The following are some methods that can assist with freezing:
  • Learn more about your triggers: This enables you to get ready for potential freezing moments. If specific triggers, such as crowded areas, pose an increased risk, think about avoiding them.
  • Remain calm: Inhale deeply, then turn your attention to moving.
  • Try a different movement: A fresh motion can occasionally break through a cold period. Examples of these movements include clapping your hands, marching in place, or swaying back and forth.
  • Use auditory cues: Many Parkinson's patients discover that getting started is facilitated by sticking to a rhythm. You can move in time with the beat by counting in rhythm, using a metronome, or singing in your thoughts.
  • Use visual cues: Another way to lessen freezing moments is with visual clues. Some people use a laser pointer to project a dot they can walk over or tape lines at triggering locations on the floor of their homes.
  • Use visualization: You could start by closing your eyes and imagining yourself moving in the manner that you want.
  • Talk yourself through the movement: For some Parkinson's patients, staying mobile is made possible by verbalising or mentally outlining their actions.

What treatments can help with Parkinson’s freezing?

Some people may freeze more frequently as their Parkinson's medicine wears out. Your doctor might advise changing your medication if such is the case.

Other therapies for Parkinson's-related freezing include:
  • Occupational therapy: Occupational therapy entails modifying your daily routine and learning coping mechanisms to make freezing easier to handle.
  • Physical therapy: A physical therapist can offer recommendations for an exercise regimen that will help you prevent falls by enhancing your posture, balance, and muscle strength.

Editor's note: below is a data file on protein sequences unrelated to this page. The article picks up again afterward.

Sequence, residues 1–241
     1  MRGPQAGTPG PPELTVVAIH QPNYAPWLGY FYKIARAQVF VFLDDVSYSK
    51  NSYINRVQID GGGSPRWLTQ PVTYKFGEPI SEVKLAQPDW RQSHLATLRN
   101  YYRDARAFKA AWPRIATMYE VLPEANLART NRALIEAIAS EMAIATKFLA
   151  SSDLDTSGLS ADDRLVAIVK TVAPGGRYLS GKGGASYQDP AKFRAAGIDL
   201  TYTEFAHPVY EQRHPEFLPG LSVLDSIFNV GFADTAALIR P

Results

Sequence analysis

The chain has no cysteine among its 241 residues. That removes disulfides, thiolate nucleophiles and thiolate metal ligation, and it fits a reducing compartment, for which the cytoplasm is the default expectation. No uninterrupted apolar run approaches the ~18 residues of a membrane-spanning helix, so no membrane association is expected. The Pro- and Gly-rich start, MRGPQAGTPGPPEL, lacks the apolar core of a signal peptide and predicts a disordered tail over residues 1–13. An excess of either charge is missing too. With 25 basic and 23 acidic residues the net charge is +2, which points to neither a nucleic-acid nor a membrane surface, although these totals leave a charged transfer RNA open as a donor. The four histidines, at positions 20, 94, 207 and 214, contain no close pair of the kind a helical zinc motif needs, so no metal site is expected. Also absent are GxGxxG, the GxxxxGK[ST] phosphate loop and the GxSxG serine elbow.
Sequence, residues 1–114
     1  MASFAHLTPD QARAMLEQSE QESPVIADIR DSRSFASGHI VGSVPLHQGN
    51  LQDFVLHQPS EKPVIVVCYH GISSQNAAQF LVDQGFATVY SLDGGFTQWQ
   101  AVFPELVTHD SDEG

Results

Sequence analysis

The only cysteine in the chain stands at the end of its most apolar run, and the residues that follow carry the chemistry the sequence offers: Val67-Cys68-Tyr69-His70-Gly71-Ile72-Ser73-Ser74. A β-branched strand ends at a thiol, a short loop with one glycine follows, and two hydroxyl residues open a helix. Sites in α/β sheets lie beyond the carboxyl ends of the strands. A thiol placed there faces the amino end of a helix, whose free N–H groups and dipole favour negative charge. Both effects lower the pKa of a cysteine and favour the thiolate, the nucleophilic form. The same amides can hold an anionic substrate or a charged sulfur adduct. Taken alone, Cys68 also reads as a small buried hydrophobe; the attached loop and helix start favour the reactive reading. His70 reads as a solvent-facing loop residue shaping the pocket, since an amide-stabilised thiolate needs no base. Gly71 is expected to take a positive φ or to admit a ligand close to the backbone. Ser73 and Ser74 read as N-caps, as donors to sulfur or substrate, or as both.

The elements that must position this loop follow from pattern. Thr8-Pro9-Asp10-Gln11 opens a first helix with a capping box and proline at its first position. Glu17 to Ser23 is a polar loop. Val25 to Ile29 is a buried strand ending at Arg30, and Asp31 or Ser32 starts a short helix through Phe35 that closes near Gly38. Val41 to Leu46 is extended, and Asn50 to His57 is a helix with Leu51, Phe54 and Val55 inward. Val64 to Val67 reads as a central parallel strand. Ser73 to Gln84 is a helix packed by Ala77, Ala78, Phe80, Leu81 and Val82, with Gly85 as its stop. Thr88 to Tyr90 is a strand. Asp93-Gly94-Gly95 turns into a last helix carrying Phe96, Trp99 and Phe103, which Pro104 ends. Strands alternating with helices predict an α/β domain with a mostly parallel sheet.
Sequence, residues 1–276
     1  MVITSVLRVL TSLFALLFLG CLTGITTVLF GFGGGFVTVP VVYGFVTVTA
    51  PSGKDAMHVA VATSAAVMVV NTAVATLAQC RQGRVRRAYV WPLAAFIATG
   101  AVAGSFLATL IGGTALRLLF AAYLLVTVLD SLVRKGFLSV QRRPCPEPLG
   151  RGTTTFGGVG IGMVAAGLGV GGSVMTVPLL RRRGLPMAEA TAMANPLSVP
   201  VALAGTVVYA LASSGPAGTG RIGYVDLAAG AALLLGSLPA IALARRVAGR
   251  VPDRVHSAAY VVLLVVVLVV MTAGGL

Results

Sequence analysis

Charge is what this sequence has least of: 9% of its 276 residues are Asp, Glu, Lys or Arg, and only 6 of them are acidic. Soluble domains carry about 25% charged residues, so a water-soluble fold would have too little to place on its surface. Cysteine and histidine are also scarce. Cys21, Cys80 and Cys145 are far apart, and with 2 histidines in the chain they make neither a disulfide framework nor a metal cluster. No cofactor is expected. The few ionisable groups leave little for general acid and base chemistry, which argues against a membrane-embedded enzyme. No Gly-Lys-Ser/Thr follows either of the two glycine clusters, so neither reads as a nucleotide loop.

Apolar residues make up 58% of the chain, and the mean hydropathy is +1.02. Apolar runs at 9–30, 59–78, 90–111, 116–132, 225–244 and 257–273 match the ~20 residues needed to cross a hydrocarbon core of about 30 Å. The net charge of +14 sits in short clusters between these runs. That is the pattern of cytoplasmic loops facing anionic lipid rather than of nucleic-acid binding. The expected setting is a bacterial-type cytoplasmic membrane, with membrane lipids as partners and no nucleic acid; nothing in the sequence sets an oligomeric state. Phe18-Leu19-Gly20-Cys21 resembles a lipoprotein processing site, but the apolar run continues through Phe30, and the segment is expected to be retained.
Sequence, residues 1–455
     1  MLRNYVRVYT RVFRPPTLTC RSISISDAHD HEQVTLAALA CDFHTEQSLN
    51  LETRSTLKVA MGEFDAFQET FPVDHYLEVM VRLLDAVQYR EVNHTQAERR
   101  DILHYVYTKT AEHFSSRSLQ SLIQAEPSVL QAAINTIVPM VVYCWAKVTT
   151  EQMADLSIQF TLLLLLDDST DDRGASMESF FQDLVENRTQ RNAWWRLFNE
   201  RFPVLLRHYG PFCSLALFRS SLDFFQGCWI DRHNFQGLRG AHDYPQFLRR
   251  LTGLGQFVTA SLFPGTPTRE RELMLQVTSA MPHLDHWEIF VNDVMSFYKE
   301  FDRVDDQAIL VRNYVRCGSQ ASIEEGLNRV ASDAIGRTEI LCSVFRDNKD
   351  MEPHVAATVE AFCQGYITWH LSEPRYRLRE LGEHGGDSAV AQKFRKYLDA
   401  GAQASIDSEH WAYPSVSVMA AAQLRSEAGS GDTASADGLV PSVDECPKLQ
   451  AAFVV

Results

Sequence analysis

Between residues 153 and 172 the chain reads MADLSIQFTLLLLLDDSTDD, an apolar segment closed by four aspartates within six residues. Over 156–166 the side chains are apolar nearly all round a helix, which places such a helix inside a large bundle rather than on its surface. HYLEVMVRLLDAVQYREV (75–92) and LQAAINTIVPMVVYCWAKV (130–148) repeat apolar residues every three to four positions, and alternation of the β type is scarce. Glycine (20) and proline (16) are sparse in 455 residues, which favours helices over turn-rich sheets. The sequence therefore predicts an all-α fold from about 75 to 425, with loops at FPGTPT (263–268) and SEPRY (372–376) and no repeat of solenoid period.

• Deep brain stimulation: Implanting a device is a relatively recent surgical treatment for Parkinson's disease. It may be helpful for certain symptoms, such as freezing, but not all patients can benefit from it.
  • Walking aids: Using a walker can keep you safe when other methods fail to keep you from freezing.


How common is freezing in Parkinson's?

Freezing episodes affect about one-third of Parkinson's disease patients.

What is freezing in Parkinson's disease called?

Freezing of gait (FoG)

Can Parkinson's recover?

Although there isn't a cure for Parkinson's disease at this time, there are therapies that can help manage symptoms and preserve quality of life. Physiotherapy and other supportive therapies are some of these treatments.


One common sign of Parkinson's illness is freezing. Even though it occurs more frequently as Parkinson's disease advances, it can occur at any point.

When walking, many Parkinson's patients become motionless. You may feel as though your feet are immobile and are keeping you from moving ahead.

When experiencing a frozen episode, you can get advice and strategies from an occupational or physical therapist. Deep brain stimulation and medication changes are two other methods of treating freezing.

Post a Comment